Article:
blissblogger

Well-known member
I am an American citizen (joined enthusiastically, back during Obama's second term) but remain still (at least as far as the UK is concerned) a British citizen. America expects you to renounce all allegiance to foreign powers. But the UK's not bothered, which is handy, as we might have to flee at some point, you never know.

Although from Brexit/Trump to the covid response, it's like I have two civic identities now to be ashamed of.

But I actually feel more British than ever though. Never felt patriotic or even sentimental about the country until I left it but it just sort of gradually happened during exile.

I'm so British that the other week I perforated my thumb with a shard of glass from a shattered Marmite jar.
 
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blissblogger

Well-known member
Simon, what's your favourite thing you've written?
Probably the first nuum-essay, the one on ardkore. As much for how I was feeling at the time as the end result. The execution is a little clumsy here and there but the spirit was in me. Sometimes if you are lucky, History aligns and you can surf it.

In recent years, my favorite thing is not about music at all - it's about the English countryside, weather, the seasons, my mother, my first girlfriend, death ... And Brexit comes into it.
http://blissout.blogspot.com/2016/09/landscape-and-loss.html
 

blissblogger

Well-known member
How about Smash Hits though?
I think a lot of us young readers graduated to the inkies from there, and it was also impactful in a way that doesnt really have a parallel these days. I'd like to see an anthropology
I was probably a little too old for Smash Hits - although I do know a few people my age who loved it - and the generation just after mine, it seems to be a formative thing. People like Bob Stanley go on about it as the best music mag of the Eighties.

One thing that rubbed me up the wrong way was its generalized stance of irreverence - amusement at the foibles and pretensions of pop folk. Mocking everything equally, but mildly.

I preferred the more bi-polar inkie approach where you could be savagely iconoclastic (in a brutally humorous way) about certain things, but then also very reverent and gushing about the things you rated.

The S.Hits approach seemed oddly grown-up - less adolescent than the music papers, even though the readership was younger and more immature. And in fact if you look at the writers's trajectories, S.Hits was like the ante-room for the all grown up music monthlies like Q or men's magazines like Arena / Details / GQ / Esquire.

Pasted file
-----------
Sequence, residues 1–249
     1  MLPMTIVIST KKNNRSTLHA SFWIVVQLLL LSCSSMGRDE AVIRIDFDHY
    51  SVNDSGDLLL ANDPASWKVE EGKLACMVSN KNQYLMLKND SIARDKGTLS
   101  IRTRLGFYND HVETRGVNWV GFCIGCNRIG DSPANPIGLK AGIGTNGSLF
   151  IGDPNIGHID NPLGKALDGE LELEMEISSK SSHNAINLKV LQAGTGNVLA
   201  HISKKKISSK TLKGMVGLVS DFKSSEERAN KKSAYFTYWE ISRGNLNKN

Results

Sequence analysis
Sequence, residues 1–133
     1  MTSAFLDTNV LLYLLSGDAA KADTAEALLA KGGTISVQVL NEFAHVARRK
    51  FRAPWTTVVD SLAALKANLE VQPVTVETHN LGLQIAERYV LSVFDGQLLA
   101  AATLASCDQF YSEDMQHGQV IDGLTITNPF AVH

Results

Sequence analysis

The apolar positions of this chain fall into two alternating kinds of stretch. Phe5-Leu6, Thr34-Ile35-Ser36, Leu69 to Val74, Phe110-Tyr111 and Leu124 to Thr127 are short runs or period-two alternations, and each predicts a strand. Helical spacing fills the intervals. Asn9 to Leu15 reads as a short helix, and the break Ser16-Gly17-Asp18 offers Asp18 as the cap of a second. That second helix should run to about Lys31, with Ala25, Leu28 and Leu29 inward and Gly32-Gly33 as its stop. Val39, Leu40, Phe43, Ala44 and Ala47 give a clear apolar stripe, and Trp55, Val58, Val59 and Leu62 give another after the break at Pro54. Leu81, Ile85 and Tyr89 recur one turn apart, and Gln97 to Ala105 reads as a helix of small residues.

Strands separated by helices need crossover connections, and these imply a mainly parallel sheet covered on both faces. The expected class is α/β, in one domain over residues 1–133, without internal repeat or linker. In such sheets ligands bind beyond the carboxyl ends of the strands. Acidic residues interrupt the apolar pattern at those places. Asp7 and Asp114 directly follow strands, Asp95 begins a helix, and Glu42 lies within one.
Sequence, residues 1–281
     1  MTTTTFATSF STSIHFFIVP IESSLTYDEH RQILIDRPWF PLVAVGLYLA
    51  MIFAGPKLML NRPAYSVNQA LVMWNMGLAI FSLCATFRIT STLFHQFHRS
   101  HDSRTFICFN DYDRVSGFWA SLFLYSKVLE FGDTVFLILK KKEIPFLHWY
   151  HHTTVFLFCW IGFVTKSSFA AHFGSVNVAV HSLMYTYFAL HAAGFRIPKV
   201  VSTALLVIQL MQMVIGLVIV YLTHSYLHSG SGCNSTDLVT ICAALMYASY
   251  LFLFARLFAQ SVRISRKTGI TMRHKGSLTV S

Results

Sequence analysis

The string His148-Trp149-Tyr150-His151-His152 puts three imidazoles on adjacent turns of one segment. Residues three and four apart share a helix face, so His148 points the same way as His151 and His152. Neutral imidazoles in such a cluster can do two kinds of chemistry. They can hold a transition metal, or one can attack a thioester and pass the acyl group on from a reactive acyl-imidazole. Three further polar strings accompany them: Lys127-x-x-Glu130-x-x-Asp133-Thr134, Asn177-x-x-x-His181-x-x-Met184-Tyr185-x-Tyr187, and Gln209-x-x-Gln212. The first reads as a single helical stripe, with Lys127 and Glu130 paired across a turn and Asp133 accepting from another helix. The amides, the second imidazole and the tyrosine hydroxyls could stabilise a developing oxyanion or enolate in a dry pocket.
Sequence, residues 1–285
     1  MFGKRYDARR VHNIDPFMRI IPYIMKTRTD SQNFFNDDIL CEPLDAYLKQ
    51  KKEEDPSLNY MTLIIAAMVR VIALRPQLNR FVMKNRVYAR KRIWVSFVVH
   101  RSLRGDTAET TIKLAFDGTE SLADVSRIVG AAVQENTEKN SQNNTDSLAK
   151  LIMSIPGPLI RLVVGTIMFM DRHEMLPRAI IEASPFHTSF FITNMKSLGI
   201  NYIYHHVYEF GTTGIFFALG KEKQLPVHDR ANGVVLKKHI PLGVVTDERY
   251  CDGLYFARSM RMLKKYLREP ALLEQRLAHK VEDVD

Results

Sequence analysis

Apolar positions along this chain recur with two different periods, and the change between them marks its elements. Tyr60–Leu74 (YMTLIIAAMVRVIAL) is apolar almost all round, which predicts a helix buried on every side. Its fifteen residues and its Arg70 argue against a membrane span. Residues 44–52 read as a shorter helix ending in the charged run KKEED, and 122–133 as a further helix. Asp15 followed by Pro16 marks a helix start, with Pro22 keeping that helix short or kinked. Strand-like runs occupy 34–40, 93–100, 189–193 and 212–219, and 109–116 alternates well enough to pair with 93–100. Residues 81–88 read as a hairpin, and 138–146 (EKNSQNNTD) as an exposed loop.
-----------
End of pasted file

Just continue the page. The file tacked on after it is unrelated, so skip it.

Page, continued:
In a funny sort of way, there seemed to be more embarrassment about being an adult writing about kid's stuff, than you would get on NME and MM where we would quite regularly rave about certain pop things in a totally religious sort of way.
 
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IdleRich

IdleRich
S.Hits is an unfortunate contraction.
A few years (probably quite a few now) i remember meeting with Dan Hancox and he had a friend with him who was a user of an alternative music forum and he said "The problem with dissensus is that you're all obsessed with Simon Reynolds" - I argued at the time but maybe I was wrong.
 

IdleRich

IdleRich
We never denied that, though, Rich.
I didn't know what to say... I was suddenly THE representative in this guy's eyes in a battle vs ILM or whatever it was.
Dan is another one for the "who should come back" thread.
 

catalog

Well-known member
I didn't know what to say... I was suddenly THE representative in this guy's eyes in a battle vs ILM or whatever it was.
Dan is another one for the "who should come back" thread.
Have you read his grime book? I was gonna but I feel like I'll hate it.
 

IdleRich

IdleRich
Er... Dan's? No. I gotta admit, I've never read any of his books. I would like to give that one The Village Against The World a go.
 

version

Who loves ya, baby?
I am an American citizen (joined enthusiastically, back during Obama's second term) but remain still (at least as far as the UK is concerned) a British citizen. America expects you to renounce all allegiance to foreign powers. But the UK's not bothered, which is handy, as we might have to flee at some point, you never know.

Although from Brexit/Trump to the covid response, it's like I have two civic identities now to be ashamed of.

But I actually feel more British than ever though. Never felt patriotic or even sentimental about the country until I left it but it just sort of gradually happened during exile.

I'm so British that the other week I perforated my thumb with a shard of glass from a shattered Marmite jar.
Do you own a gun, Simon?
 

IdleRich

IdleRich
I wont hear a word against Dan, and the grime book is really good.
Yep great guy - we used to play in the same five-a-side team, as well as turning out a mean article (and book I assume) he can do a job as a sweeper with an eye for bringing the ball out and attacking from defence.
 

Leo

Well-known member
every time I see this thread on the main page I think I should call him Sticky Simon.
 

mvuent

Void Dweller
another really good one is the takedown (or two?) of squarepusher from the late 90s. blissblogger, do you think it's likely that you'll write something in that vein again?
that's what your next book should be. just 900 pages of owning squarepusher
 

thirdform

Well-known member
that's what your next book should be. just 900 pages of owning squarepusher
meh it's played out. Square isn't even significant anymore, he just has fanbase and thats it. much more interested in bliss doing a quick blogpost about all the speedcore/flashcore ive been sending him, unless ive missed it.
 
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